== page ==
Wednesday, 2 October 2019

Chopper chopper

We live remote - you can't get further from a bus stop and still be in the province of Leinster - and 300m up a bucketty gravel lane. When we moved here 23 years ago, we ordered in a fixed line telephone; because that was the only sensible way of calling the emergency services if a zombie apocalypse manifested itself on the yard. We also revived the existing electricity supply which had been installed in the 1960s under the roll-out of the Shannon (Rural Electrification) Scheme.

Electric. The ESB semi-state electrical utility's policy was that the customer had to pay for the infrastructure for new lines but that maintenance of lines was their responsibility. Their asset management manager inspected the line and the two poles that were actually on our property and decided to upgrade the 30 y.o. poles. They would have taken these unrottable tar impregnated trunks away; but they were just as happy to leave them with us and even cut them into convenient 2.5m lengths. One of these pieces became, and still serves as, our main entryway gate-post. Once in 20 years they came up to trim down the hawthorn Crataegus monogyna hedge through which the line travelled but I have been up on a ladder a couple of times when the light-questing twigs are small enough to lop.

Telephone. In 1996, Eircom was in the process of being divested from government control so that private individuals could get super-rich in the media communications business. There was still the mindset of a public utility and any new customer could get service for a ?£125? connexion fee: whether that connexion was merely flipping a switch on a computer at head-office OR, as it our case, erecting 4 telegraph poles and stringing 350m of copper wire from the road to the house. That landline has been of intermittent utility in recent years. When service breaks occur, at least two utilities - essentially hardware / network and software - will try to shirk responsibility, so its several days before we get re-connected. At least part of the problem is that a trimmish 1990s Leylandia hedge on a neighbouring property has been allowed to grow to a leggy jungle through which the telephone wire must thread.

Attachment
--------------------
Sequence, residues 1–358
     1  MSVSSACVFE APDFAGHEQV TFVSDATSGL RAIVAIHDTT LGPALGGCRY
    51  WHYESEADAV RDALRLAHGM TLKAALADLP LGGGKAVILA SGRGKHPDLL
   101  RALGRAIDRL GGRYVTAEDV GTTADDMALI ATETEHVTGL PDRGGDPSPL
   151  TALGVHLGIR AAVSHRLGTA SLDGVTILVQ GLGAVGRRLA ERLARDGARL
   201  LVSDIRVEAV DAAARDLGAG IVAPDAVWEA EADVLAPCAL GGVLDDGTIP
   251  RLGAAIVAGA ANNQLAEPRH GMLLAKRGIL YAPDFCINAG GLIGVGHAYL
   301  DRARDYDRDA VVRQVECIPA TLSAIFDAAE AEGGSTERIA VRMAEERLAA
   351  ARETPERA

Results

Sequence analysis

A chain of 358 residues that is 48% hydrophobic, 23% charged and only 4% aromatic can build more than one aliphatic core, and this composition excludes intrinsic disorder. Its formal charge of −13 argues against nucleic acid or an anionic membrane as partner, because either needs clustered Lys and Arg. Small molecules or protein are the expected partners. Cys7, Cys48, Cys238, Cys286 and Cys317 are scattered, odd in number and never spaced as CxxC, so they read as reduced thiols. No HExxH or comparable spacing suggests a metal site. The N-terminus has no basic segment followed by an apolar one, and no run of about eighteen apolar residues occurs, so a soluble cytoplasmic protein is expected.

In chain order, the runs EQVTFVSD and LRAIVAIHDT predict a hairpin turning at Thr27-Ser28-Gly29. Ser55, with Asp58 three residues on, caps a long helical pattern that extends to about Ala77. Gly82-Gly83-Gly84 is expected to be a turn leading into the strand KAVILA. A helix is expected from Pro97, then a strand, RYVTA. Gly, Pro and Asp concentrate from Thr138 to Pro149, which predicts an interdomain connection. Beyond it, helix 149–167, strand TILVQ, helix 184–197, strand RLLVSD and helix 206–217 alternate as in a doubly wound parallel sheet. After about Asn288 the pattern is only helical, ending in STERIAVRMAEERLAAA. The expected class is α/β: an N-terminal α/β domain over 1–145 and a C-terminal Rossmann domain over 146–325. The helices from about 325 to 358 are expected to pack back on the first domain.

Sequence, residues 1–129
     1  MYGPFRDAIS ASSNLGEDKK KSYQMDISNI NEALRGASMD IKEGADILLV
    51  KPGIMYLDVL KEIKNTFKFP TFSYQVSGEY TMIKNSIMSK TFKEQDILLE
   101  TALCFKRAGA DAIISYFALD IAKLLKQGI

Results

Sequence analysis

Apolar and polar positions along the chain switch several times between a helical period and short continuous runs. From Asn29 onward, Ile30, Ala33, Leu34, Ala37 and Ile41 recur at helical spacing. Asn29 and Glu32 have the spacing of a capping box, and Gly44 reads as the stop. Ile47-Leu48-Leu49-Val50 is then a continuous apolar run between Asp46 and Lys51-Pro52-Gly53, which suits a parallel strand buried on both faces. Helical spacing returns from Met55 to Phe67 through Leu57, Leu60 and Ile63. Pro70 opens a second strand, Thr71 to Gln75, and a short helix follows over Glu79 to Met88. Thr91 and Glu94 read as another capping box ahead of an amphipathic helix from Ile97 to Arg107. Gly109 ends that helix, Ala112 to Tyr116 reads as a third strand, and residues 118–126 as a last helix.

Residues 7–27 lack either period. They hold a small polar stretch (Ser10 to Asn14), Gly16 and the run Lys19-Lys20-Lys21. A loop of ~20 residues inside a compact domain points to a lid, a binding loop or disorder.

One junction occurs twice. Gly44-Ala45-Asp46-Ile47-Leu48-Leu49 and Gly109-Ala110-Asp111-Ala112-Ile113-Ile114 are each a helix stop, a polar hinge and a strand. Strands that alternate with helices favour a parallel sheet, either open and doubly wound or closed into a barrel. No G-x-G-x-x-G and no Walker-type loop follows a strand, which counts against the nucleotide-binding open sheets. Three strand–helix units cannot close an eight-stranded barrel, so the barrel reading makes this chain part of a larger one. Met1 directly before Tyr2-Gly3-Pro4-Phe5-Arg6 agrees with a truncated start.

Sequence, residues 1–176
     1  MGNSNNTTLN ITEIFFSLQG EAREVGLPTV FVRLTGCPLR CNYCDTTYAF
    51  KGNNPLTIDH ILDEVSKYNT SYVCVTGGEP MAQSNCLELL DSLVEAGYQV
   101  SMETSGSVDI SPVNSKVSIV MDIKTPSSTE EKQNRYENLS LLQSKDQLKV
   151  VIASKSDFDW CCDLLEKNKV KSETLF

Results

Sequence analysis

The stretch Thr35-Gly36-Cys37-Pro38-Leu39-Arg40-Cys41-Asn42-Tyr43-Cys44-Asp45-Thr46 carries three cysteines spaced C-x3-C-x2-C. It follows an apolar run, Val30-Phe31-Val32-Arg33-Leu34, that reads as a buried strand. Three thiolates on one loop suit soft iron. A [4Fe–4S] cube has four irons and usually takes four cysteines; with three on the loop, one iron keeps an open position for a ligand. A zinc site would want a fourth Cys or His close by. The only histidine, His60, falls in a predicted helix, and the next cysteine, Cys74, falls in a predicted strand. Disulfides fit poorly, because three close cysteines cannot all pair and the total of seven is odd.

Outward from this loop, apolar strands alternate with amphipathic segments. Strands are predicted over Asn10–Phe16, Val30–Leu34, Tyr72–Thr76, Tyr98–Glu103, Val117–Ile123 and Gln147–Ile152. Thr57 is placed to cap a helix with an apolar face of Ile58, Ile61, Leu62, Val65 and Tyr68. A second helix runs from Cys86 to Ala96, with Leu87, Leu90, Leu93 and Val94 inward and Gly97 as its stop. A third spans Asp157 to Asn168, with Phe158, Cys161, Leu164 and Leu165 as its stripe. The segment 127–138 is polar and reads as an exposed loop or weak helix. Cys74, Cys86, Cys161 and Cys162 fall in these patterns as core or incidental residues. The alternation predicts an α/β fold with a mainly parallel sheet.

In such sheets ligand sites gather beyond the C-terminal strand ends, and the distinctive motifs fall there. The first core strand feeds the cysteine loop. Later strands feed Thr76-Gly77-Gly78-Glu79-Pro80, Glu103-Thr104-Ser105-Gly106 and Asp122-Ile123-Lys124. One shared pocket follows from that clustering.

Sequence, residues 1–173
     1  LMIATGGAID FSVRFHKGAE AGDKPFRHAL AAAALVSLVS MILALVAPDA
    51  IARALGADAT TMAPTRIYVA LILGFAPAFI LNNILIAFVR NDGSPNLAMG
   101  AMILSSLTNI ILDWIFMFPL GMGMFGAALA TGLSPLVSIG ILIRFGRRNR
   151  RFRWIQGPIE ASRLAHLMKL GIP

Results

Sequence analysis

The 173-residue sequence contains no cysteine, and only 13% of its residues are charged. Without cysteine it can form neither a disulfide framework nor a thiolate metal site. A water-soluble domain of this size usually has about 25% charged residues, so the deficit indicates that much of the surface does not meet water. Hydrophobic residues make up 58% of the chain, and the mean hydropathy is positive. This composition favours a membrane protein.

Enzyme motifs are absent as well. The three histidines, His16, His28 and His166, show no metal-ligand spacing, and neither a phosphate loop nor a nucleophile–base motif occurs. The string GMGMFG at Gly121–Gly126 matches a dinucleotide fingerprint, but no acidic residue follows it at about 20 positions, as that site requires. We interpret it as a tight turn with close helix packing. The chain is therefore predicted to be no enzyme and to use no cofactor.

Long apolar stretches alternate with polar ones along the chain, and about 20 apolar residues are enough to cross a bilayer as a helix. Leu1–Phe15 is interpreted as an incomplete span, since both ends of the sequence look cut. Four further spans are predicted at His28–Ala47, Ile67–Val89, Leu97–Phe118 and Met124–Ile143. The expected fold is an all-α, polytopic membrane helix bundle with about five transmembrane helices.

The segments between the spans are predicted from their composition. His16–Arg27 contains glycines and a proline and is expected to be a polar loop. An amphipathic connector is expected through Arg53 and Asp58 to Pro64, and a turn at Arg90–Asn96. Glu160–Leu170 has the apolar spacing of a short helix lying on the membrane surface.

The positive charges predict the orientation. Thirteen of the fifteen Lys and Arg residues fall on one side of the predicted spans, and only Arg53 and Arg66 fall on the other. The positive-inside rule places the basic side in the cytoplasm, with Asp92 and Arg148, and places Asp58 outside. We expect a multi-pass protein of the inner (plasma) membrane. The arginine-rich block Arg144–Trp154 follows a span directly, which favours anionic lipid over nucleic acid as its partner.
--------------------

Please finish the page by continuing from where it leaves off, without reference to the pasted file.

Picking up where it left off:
New management on the neighbouring farmstead decided to clear fell the Leylandia and let a little light into the yard. The noise of chainsaws and crashing timber soon coincided with a complete break in telephone service. I was delighted! because Eir the network utility will fix breaks in telephone lines from whatever cause and absorb the cost. Now the wire is free to undulate in the wind it will last longer.

This primed me for an interesting discussion about maintaining the assets of wire-based utilities. At least some of the California wildfires in the disastrous 2018 season (750,000 ha, 100 people, and $3,500,000,000 went up in smoke) were due to tinder-dry trees falling against live high-voltage electricity cables. It is up to the utility to minimise the chance of this happening, mainly by trimming back vegetation from the wired right of way. Did they ever do this by sending up tree-surgeons? I guess you could make a wide fire-break corridor by clear-felling trees as they got taller. Now it is done by banks of fearsome rotary saws lofted along by helicopters. The operators can clear 30km of branches in a 48 hour work week. Surely, it cannot be legal or sensible to allow a chopper pilot to work such long hours so close to 1 million volts?
Helitopper to lower the height of danger trees [DT technical term] from above. DTs are trees which are tall enough to impact the power-line if they fall in a storm. Clear-felling the right of way doesn't balance the rights of nesting birds, beetles, bats. Many tree species cease to grow taller when you remove the apical meristem - the growing tip. The idea of sending a tree-surgeon up from the bottom of each tree is ?obviously?  economic insanity.

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